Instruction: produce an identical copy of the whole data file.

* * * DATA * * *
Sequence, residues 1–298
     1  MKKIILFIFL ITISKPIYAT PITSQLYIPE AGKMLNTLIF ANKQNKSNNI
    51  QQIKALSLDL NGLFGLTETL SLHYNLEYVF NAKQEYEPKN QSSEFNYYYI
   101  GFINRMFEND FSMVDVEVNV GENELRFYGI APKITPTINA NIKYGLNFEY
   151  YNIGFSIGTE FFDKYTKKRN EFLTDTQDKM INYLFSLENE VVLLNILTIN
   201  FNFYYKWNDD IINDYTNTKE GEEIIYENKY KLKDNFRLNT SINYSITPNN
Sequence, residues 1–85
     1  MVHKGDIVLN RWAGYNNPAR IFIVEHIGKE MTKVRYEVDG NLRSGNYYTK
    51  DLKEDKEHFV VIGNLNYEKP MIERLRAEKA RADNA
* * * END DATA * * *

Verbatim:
Sequence, residues 1–298
     1  MKKIILFIFL ITISKPIYAT PITSQLYIPE AGKMLNTLIF ANKQNKSNNI
    51  QQIKALSLDL NGLFGLTETL SLHYNLEYVF NAKQEYEPKN QSSEFNYYYI
   101  GFINRMFEND FSMVDVEVNV GENELRFYGI APKITPTINA NIKYGLNFEY
   151  YNIGFSIGTE FFDKYTKKRN EFLTDTQDKM INYLFSLENE VVLLNILTIN
   201  FNFYYKWNDD IINDYTNTKE GEEIIYENKY KLKDNFRLNT SINYSITPNN
Sequence, residues 1–85
     1  MVHKGDIVLN RWAGYNNPAR IFIVEHIGKE MTKVRYEVDG NLRSGNYYTK
    51  DLKEDKEHFV VIGNLNYEKP MIERLRAEKA RADNA